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Has a comedy ever taken a viewer on a wilder emotional roller-coaster ride? On the Cassavetes Comet, we may chuckle as we chug up the romantic peaks, but are suddenly gasping for breath when the intellectual ground drops out from under us, or emotionally whiplashed as we scream around unexpected tonal curves. It's simply impossible to sit back and get comfortable. We laugh at a joke, then get slapped in the face by a character named Jim. Out on a blind date with Minnie and Zelmo, we start giggling, then want to climb under our seats in embarrassment. The tickle and the pain, the grin and the grimace are right on top of each other.

Each time we start to kick back, Minnie and Moskowitz kicks us back – gunning the accelerator with dizzying elisions and jump-cuts; screeching on the brakes to allow a minor character a crazy solo riff; wildly swerving from toughness to tenderness. No event unfolds in a straight line. The shortest distance between any two points is a U-turn.

Every time a tone is about to build, Cassavetes upsets it. Every time a relationship is about to stabilize, he pulls the rug out from under it. In this emotional demolition derby, it's impossible to recline into the featherbed of a simple, sustained feeling. Like the jazz on the soundtrack, the pacings in Minnie and Moskowitz are thrillingly irregular and unpredictably syncopated. We can't get our tonal bearings. We don't know whether we're supposed to laugh or cry most of the time.

Cassavetes won't let a viewer expand within a romantic moment. No scene, interaction, or shot gives us a simple emotion. If a scene has romance in it, it is invariably crossed with anxiety or pain. If there is seriousness, it is mixed-up with wacky comedy. If one character is feeling one thing, another is feeling something different. Even the lovely meditative interlude in which Minnie talks to Florence about her dreams and desires makes clear that Florence doesn't understand a word she is saying. While Minnie is waxing poetic, Florence is sitting there bewildered and half-soused. Every perspective is tangled up with contradictory ones. No imaginative relationship – of character to character or viewer to character – is uncompromised or unchallenged.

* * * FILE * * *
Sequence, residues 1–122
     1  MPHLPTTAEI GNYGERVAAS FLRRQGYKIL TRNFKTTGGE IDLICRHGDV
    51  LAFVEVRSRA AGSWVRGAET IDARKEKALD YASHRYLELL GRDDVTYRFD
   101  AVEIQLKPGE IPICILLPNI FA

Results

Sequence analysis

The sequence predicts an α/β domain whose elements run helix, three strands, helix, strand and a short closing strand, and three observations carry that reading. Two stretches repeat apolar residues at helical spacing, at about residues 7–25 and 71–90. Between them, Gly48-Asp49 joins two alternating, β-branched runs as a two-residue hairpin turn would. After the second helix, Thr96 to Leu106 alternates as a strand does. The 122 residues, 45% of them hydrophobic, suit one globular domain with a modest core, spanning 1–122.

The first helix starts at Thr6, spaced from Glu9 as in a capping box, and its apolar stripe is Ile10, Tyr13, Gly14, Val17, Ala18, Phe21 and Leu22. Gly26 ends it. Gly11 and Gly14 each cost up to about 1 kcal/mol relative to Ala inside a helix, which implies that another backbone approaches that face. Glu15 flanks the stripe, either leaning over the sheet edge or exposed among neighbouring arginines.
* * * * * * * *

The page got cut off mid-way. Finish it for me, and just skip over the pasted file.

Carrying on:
No filmmaker had a greater distrust of formulas for living or was more committed to avoiding formulaic characters and relationships. Cassavetes puckishly trampolines against all of the ways Hollywood has taught us to think and feel. He turns every screwball formula upside-down and inside-out. Leading men are supposed to be handsome, charming, and aloof; Seymour Moskowitz is a homely, hot-blooded carhop who tries to sleep with every woman he meets (succeeding with two others beyond Minnie in the course of the film – though one of his early sexual conquests, a night spent with Irish, the girl in the bar, was cut by the studio at the last minute). Leading ladies should be mysterious, unattached, and virginal; Minnie Moore is in a relationship about as far from Irene Dunn and Cary Grant as can be imagined.

Even minor characters won't be reduced to clichès. They are too human, too mixed-up, too complex, too close to being us. There are no heroes or villains in Cassavetes' universe. Zelmo (played by Cassavetes regular Val Avery) may be the blind date from hell, but we can't demonize him. We can't even really hate him. Cassavetes makes sure that we feel his neediness, his desperation, his pain. Eternally damned to his own self-created hell, he clearly suffers for his sins, torturing himself even more than he tortures Minnie, pushing her away in the very attempt to get close to her. We are forced into sympathy against our wills. Listen to the sobbing Cassavetes subtly lays in on the soundtrack at the end of the fight scene.